W3C home > Mailing lists > Public > www-dom@w3.org > January to March 2004

Re: L3 LS: Configuration parameter to enable/disable application specific DOM

From: Steve Schafer <steve@fenestra.com>
Date: Sat, 03 Jan 2004 20:08:39 -0500
To: www-dom@w3.org
Message-ID: <gllevvog3us87uu2gvlu6ja8dlltkj6sfv@4ax.com>

On Sat, 03 Jan 2004 17:26:03 -0600, Curt Arnold <carnold@houston.rr.com>
wrote:

>I'd like comments on this if anyone has thought this through.  Assume 
>that you have an implementation that supports Core on generic XML 
>documents and application specific DOM, such as L2 HTML, SVG or MathML.  
>If you automatically created the application specific elements when you 
>encounted recognized elements, you may incur additional overhead in DOM 
>building and may reject documents that are valid XML but aren't valid 
>XHTML or SVG.  However, if you don't automatically do that, you always 
>get a generic DOM implementation.  I think that doing this right would 
>require an additional configuration parameter in LSParser, but I haven't 
>thought through what that would look like.

I'm not sure I understand what you're asking, but let me see if this is
it:

You want a configuration switch that tells the parser to behave as an
"application-aware" parser vs. a generic parser. If set to
"application-aware," and it encounters an invalid element or attribute,
it would presumably fail in some way, or attempt some kind of recovery,
etc. If set to "generic," it would succeed as long as the document is
well-formed (you said "valid" in your message, but I think you meant
"well-formed," no?), but the downside is that the final result is a
generic DOM object tree, devoid of any language-specific semantics or
functionality.

Is that a reasonable elaboration?

In my own work, I've put together a system that instantiates elements
and attributes on a purely namespace+scoping basis. "Smart" elements are
instantiated based on their qualified names, and "smart" attributes are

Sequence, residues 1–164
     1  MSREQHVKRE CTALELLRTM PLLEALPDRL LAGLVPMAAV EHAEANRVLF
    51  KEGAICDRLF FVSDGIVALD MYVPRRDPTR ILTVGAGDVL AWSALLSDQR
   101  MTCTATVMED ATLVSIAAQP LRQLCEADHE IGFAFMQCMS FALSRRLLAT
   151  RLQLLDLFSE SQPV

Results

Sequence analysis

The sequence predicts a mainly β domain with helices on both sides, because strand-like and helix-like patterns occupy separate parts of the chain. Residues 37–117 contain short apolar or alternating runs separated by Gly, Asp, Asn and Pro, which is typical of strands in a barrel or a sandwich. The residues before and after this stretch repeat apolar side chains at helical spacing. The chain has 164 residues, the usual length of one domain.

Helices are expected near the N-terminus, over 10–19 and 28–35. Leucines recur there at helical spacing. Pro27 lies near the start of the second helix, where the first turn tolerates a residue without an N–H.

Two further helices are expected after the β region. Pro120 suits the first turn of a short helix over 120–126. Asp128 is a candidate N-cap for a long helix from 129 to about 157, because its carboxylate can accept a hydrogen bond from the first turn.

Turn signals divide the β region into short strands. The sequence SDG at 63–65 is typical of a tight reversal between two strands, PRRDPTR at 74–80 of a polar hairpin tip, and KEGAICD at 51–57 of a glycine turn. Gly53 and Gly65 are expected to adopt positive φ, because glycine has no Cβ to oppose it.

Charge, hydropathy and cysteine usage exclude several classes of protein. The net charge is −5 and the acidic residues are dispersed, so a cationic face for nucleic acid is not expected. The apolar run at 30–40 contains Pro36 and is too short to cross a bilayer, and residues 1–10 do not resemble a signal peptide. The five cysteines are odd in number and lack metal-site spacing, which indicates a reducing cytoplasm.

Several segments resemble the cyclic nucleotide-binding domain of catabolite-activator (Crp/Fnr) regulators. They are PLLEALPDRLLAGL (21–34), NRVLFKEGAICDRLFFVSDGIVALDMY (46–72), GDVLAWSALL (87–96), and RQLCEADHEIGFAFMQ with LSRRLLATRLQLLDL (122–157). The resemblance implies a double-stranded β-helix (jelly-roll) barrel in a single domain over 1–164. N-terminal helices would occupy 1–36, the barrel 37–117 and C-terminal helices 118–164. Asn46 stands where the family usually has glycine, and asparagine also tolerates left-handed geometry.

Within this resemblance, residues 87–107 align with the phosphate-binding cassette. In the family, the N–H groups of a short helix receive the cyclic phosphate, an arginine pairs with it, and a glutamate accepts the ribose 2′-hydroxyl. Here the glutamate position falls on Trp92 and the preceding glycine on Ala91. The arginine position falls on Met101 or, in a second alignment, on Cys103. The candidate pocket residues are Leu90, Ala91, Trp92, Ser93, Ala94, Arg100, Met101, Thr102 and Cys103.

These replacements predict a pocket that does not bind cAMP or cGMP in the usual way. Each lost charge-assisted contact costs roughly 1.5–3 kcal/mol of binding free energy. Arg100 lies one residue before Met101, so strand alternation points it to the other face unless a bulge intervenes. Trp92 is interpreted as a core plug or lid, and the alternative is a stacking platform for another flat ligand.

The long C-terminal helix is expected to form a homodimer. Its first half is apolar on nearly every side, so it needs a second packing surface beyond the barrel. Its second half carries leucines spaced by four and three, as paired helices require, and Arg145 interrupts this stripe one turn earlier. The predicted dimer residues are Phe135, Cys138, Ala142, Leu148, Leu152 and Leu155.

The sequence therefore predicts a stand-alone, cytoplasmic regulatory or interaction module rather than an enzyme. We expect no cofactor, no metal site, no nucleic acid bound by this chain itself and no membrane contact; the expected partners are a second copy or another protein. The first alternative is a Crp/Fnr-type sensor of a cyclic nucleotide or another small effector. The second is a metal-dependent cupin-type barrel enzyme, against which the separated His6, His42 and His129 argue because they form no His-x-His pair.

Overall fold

instantiated based on the combination of their qualified names plus the
qualified names of the elements that own them (this is necessary for
SVG, where the same name is used for attributes having different
semantics when contained within different elements).

If a qualified name is not recognized by the parser, it "falls through"
and a generic DOM element or attribute object is instantiated. So, in a
limited sense at least, the parse always succeeds, in that the parser
never fails because of invalidity. However, it's possible that an
attempt to insert the wrong kind of content or attribute into an element
might cause an exception to be raised. For example, assuming my parser
understands both SVG and XHTML:

 <!--namespace declarations omitted for brevity-->
 <svg>
   <html/>
 </svg>

Here, the <html> element will be instantiated successfully, but an
exception will be raised upon the attempt to insert it as a child of the
<svg> element. Note that the exception is not raised by the parser, but
by the "smart" <svg> element itself, which knows that it shouldn't have
an <html> element as a child.

Anyway, back to your question: I'm not sure that I would consider this
to be as much a parser configuration setting as an application
configuration setting. At least part of my rationale for this is because
of the way my parser works, as described above--it's left up to the
"smart" elements themselves, rather than the parser, to decide what's
right and what's not.

Steve Schafer
Fenestra Technologies Corp
http://www.fenestra.com/
Received on Saturday, 3 January 2004 20:09:39 GMT

This archive was generated by hypermail 2.2.0+W3C-0.50 : Friday, 22 June 2012 06:13:57 GMT